“Do we?” J.R. asked. “You think Jerry’s gonna pass a vote first time? I don’t. The kid’s a moron. And every new body at this table eats into our cut.” J.R. was one who counted his envelope.
Trick didn’t like to start shit at the table—or at all, really, unless it was absolutely necessary—but he was irritated. He’d been getting irritated a lot more often lately. In the past year or so. “You got your hand on about twenty-five K there, brother. And that’s just the first cut this month. How much bank do you need?”
“Don’t give me your commie shit, T. I stand in fire for this cut. I earn it all.”
“We all do, J.R.” Muse’s voice was quiet but sharp. “More men means less risk.”
risk,” Trick countered. Despite arguing with J.R., he wasn’t keen on adding to the table, either—but not because of the money. “We have more secrets now. More secrets means more vulnerability. We bring new people in, we need to know they’re solid. If we’re asking ‘who’s Titus,’ then how do we know he’s solid?”
Jesse was shaking his leg so hard that the table rocked—a sure sign he was pissed. “I know him. I’m saying he’s solid.” He turned to Hoosier. “Hooj, I’ve been sitting at a table with you for fifteen years. I’m in charge of keeping up our rep”—Jesse was the Public Relations Officer—“Doesn’t my say count for anything?”
Hoosier pulled on his beard, sitting quietly for a few moments. Trick had noticed that after he took these pauses, his speech was more fluid. “It counts, Jess. But this is a democracy. You make your case, and then we vote. You got more to say about…about…”
When that pause lasted, Connor supplied, “Titus.”
Though his hand clenched, that was the only sign of Hoosier’s frustration with himself. He nodded at his son and went on. “Titus. There more we should…know?”
Sherlock, the club Intelligence Officer, said, “I ran him. Got a long juvie record—mostly kid shit, but he did two years at Los Pinos for armed robbery. Aged out there.” Trick shifted his attention to Demon, who also had aged out in juvie. But Demon was staring at the table, listening but not reacting. He tended to be quiet in the Keep.
“His adult record is spotty,” Sherlock continued. “Did a couple of years at Lompoc, armed robbery again. The rest of it is petty jail time. No affiliations. Seems like he’s a loner.”
“What’s he do for work?” Muse asked. “Can he work the shop?” The Horde liked to employ all of their men in straight work—if not in the shop, then through their entertainment support business, which provided bikes, technical advisors, and stunt riders for television, film, and commercials.
“He works the warehouse of that plastics factory in Rialto. I don’t know if he’s got any skill with a wrench.”
“Does he even ride?” J.R. sneered.
Jesse nodded and then sighed. “He rides a Ninja.”
The table erupted in laughter. “Jess,” Connor chuckled. “Dude. Then no, he doesn’t ride.”
Jesse sat up straight, as if he were presenting formal evidence. “He can buy a real bike. He’s a solid guy. Steady. He won’t blink at the shit we’ve got to do. I’ve known him a while, since he started hanging around. And I say we need the help. I’ll sponsor him.”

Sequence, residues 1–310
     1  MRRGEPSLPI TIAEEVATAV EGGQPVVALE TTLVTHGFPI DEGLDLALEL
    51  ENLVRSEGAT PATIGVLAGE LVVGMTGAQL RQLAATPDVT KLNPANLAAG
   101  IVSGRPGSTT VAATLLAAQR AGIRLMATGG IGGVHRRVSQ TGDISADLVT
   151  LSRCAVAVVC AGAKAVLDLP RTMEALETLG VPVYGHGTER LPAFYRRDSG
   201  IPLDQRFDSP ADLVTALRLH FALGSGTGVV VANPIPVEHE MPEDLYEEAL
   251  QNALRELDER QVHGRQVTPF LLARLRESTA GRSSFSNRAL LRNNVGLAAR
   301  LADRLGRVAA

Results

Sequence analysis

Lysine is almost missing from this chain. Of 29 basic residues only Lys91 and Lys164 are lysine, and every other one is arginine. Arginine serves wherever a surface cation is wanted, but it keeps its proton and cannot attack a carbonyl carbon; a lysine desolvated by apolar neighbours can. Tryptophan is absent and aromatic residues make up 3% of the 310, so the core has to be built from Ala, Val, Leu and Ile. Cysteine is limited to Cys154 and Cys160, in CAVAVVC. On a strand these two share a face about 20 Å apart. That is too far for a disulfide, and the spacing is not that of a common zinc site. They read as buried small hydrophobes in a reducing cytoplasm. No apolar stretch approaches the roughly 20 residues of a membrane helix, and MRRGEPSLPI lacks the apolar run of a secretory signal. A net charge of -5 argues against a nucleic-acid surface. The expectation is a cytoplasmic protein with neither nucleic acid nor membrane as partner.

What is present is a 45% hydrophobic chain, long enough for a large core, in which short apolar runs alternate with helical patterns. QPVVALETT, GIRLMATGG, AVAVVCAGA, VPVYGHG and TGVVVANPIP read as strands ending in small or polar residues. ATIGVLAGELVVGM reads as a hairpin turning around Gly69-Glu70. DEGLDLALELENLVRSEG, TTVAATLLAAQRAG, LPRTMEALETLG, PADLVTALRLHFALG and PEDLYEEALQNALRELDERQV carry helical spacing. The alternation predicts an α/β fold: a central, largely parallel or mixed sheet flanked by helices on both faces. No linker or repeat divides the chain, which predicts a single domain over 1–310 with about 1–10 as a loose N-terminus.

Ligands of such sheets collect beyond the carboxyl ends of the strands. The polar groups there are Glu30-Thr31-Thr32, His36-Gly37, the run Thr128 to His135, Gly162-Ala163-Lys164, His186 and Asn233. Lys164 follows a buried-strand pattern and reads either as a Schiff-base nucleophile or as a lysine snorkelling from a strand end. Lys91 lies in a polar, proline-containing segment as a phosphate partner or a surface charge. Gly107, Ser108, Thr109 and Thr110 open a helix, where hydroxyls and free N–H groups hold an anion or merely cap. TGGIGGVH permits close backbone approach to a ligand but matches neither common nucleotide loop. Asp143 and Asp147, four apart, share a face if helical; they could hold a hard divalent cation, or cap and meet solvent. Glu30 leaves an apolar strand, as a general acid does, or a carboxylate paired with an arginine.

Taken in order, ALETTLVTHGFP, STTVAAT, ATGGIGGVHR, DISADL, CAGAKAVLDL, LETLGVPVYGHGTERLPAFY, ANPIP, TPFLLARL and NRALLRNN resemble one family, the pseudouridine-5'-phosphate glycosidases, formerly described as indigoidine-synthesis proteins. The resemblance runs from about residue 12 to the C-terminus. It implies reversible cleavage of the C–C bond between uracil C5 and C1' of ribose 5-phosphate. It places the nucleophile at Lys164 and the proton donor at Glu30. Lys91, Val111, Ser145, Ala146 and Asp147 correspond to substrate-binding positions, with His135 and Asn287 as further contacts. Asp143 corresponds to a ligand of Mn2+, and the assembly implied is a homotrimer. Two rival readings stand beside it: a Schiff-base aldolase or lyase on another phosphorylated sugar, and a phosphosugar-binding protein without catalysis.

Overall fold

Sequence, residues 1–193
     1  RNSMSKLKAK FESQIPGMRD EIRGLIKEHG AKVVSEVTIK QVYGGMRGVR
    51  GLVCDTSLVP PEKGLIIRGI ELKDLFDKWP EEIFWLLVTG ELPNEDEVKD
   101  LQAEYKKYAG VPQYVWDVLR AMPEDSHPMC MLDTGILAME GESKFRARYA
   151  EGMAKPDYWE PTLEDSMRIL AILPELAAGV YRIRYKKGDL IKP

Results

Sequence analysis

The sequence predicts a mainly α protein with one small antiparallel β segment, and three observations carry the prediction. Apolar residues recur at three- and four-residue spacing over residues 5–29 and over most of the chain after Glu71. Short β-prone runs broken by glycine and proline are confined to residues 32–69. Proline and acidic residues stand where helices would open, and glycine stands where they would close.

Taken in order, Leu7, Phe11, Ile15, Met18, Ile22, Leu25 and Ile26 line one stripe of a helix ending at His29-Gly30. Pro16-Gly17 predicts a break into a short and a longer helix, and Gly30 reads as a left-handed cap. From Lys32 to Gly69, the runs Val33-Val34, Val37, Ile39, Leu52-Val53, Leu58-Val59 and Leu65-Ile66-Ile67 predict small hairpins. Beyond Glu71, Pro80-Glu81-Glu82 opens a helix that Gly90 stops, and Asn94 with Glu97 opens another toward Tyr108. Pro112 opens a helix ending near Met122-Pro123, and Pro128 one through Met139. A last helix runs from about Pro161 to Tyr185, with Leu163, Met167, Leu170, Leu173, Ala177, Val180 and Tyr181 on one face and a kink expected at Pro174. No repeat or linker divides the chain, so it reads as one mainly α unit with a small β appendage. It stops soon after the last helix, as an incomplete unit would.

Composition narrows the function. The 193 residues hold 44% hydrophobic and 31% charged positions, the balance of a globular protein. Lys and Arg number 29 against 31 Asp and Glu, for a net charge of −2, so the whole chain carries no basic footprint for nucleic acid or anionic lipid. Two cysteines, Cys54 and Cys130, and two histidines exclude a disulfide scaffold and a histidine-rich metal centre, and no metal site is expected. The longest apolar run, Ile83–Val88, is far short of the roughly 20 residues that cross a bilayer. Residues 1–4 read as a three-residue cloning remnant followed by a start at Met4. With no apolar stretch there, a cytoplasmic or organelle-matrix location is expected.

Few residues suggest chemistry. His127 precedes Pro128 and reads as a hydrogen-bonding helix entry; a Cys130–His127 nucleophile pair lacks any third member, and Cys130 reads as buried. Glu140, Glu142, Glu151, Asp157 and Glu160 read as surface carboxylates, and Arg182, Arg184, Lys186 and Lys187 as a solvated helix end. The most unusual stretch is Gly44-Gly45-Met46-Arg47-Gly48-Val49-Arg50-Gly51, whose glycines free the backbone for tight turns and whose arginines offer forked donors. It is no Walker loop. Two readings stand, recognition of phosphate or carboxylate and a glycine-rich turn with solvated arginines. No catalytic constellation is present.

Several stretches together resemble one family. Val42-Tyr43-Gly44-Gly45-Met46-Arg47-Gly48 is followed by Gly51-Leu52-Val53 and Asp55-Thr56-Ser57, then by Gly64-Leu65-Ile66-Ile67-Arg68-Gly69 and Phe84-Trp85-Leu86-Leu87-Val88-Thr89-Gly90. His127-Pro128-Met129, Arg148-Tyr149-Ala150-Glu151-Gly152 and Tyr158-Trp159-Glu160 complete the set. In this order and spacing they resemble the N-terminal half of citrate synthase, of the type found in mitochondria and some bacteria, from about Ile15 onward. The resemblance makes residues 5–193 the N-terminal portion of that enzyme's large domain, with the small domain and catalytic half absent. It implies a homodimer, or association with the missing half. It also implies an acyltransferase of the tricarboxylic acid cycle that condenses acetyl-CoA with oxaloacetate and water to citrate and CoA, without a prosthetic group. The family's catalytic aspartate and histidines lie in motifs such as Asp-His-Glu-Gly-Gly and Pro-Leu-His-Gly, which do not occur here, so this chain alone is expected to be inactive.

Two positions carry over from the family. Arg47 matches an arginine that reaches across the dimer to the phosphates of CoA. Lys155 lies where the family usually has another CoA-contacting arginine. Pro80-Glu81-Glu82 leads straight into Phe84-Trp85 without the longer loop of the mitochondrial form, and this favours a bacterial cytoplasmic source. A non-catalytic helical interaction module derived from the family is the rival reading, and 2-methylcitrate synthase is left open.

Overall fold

“Thirty-three is old to prospect, isn’t it?” Fargo, one of the newer, younger patches, threw in. Though he was still wet behind the ears, he’d never been reluctant to get involved in Keep discussions. Keanu, the newest, youngest patch, still had the stink of intimidation on him, and he kept quiet, except to vote.
“Nah,” Hoosier answered, shaking his head. “We been…recruiting young…a long time. But there’s something…to be said for…a man with his head on…straight. Been around the…block.”
Bart nodded. “What we do, it’s not boys’ work.”
Trick met Bart’s eyes and held. “I was blowing Taliban heads off before I was twenty years old.”
Bart didn’t blink. “You saying that was boys’ work?”
“I’m saying you don’t start that shit when you’re looking for a second career. You do it young, when you don’t know anything else. Knocking over gas stations for fix money is nothing like what we do. If Titus aged out in Los Pinos and did a couple in Lompoc, what’s he been doing the rest of the years he’s been outside? Why’s a petty crook loner want this life now?”
Bart turned to Sherlock, who looked at Jesse. Jesse sat without answering, giving off a vibe that was defensive and hostile.
“I don’t think we’re ready to put leather on this guy’s back, Jess,” Connor said.
“No,” Hoosier agreed. “We’re not. But let’s…take some time. Get his measure. We’ll…bring him up again. Okay…Jesse?”
Jesse sat abruptly back in his seat. He looked angry—angrier than Trick thought was warranted. “Yeah. Doesn’t matter what I think, anyway.”
Trick was in a mood after that meeting, and Connor’s old lady was off work tonight, so his friend wasn’t sticking around for the party. They were getting married in a few weeks, and Trick had an image of them spending the night filling out place cards or something otherwise ridiculous. J.R. and Jesse were both vibing, and Demon and Muse had their old ladies with them. Hoosier always cashed in early now. It was a shit night, party-wise. The rest of the Horde were in their usual form, but, between the men who had old ladies and Ronin, who’d always left early, parties in general had gotten downright subdued lately.